Budgeting is arguably the most important aspect of financial planning. Saving, investing, insurance, retirement planning, and projections are useless if you have no idea how much money you are spending today and how much you would like to spend (or have the ability to spend) in the future. We all have a limited amount of resources to spend. Determining the amount that is right for your particular situation, allocating those funds into buckets based on your priorities, and then tracking to make sure your spending stays on track may seem time-consuming, but utilizing technology, the process may not be as difficult as you think.
The reason that developing and tracking a budget is important is it allows your long-term thinking to have an impact on your day to day spending. Making smart decisions about how you want to utilize your resources over a month or year will allow you to ensure that the important things, such as saving for your future, are handled and emotional, short-term overspending stays in check.
Start with your Annual Income
When developing your budget or spending plan, think of things on an annual basis. Determine what your net income is (net income is the actual money that is deposited into your bank account after taxes and withholdings are accounted for) and use this annual number as your starting point.
Determine your Annual Expenses
A common mistake in budgeting is analyzing only your monthly expenses to find that you have left out important irregular expenses that are inevitable such as vacations, holiday gifts, and auto repairs. It is important that every single thing you spend money on over the course of the year is included in your budget. If you are not sure how much you will spend on any one category (i.e. I know I will have to buy gifts this year for birthdays, weddings, etc., but I have no idea how much it will cost) do your best to estimate. Budgeting is a projection into the future and like all projections, it is impossible to be perfect. As time goes on and you get better at budgeting your expenses, your numbers should be very close, but for the first year, do your best to estimate.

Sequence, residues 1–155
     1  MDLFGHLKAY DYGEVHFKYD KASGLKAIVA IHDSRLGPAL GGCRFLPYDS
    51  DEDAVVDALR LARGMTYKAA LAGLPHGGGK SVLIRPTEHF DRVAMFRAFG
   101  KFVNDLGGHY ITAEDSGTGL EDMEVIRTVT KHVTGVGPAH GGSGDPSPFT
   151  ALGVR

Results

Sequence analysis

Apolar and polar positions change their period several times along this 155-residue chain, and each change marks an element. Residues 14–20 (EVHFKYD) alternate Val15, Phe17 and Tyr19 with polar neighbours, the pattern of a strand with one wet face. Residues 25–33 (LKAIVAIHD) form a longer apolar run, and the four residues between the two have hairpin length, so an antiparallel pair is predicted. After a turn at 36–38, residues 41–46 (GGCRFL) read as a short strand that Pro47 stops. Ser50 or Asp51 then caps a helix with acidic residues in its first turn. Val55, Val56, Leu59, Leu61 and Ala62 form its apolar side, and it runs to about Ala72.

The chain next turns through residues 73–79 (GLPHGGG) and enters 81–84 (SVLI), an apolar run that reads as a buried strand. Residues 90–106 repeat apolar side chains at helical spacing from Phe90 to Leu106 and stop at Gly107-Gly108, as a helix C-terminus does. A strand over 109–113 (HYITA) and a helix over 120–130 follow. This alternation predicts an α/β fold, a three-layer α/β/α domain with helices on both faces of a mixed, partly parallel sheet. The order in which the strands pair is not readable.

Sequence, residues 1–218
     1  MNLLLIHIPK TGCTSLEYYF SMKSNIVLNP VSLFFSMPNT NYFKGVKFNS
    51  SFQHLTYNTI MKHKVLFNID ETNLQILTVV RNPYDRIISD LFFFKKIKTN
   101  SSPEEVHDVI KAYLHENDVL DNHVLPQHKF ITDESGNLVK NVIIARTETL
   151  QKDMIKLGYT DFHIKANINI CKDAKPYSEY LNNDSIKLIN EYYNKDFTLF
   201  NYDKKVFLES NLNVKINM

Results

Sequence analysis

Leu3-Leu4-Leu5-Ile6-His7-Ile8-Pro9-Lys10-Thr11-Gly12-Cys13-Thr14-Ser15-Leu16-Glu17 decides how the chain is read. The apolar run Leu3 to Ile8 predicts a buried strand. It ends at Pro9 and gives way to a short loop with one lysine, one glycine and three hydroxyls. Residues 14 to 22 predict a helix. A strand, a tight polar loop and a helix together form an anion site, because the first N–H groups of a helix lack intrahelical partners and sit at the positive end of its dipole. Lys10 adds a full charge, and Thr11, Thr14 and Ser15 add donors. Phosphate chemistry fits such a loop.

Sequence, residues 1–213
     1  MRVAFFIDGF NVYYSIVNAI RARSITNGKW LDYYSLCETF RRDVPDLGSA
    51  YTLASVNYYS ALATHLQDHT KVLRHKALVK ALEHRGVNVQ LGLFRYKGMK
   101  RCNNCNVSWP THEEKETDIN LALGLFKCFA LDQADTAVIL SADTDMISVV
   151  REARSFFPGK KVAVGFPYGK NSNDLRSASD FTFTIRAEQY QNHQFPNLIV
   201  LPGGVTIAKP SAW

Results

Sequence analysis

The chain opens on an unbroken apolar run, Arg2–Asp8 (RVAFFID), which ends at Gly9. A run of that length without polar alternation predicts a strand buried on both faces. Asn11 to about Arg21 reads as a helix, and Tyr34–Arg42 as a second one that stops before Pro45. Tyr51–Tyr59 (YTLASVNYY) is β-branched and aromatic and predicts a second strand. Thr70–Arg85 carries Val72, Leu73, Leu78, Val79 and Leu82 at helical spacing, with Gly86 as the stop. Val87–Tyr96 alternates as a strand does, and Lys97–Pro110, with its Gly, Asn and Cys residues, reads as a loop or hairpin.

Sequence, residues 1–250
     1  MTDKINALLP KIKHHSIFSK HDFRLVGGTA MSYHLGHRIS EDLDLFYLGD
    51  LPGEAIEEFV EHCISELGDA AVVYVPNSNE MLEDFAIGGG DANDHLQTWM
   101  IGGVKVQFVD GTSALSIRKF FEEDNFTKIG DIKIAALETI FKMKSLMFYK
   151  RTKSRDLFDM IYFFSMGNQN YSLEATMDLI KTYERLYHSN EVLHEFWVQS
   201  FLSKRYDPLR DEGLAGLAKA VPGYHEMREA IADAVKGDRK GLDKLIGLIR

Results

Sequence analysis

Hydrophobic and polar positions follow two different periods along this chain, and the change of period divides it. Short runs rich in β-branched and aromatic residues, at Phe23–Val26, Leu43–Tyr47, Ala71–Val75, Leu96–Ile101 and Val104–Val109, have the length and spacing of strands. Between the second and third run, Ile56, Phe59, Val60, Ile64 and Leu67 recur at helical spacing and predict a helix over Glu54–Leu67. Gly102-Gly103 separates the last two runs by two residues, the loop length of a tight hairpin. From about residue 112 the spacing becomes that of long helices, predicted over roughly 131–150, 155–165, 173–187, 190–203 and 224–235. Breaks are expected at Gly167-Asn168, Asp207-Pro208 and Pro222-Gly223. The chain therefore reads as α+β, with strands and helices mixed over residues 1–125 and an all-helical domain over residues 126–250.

Ensure Your Budgeted Expenses are Less than Income
Regardless of how the numbers look, you will need to reduce your expenses if they are higher than your annual income. Essentially, you will fall into debt if your expenses exceed your income each year. Think about your priorities and find one or more places to cut that are low on your priority list.
Track Your Spending
At Zynergy, we highly recommend an aggregator and spending tracker such as Mint.com to track all of your spendings. You can start by setting your budget into the Mint.com system and then link your spending accounts to Mint, such as credit cards, bank accounts, and anywhere else you may spend money from. This secure system will then automatically pull your spending data from these accounts and even categorize your transactions for you. It will be important for you to log in from time to time to update your spending categories and make sure the numbers are right and the categories are properly assigned, but otherwise, the platform does most of the work for you.
Review Your Spending Every Month
Take a look at what you spent against what you earned. You will never perfectly follow your budget, but if one category is slightly over budget one month, make sure another is under budget. The important thing is that over time you are spending less than you are earning, so you have the ability to save for your future.
Budgeting is often seen as a chore by most of the people we work with. However, if you follow the steps described above and utilize technology, it doesn’t have to be. Proper budgeting and planning are sure to lead to a comfortable retirement!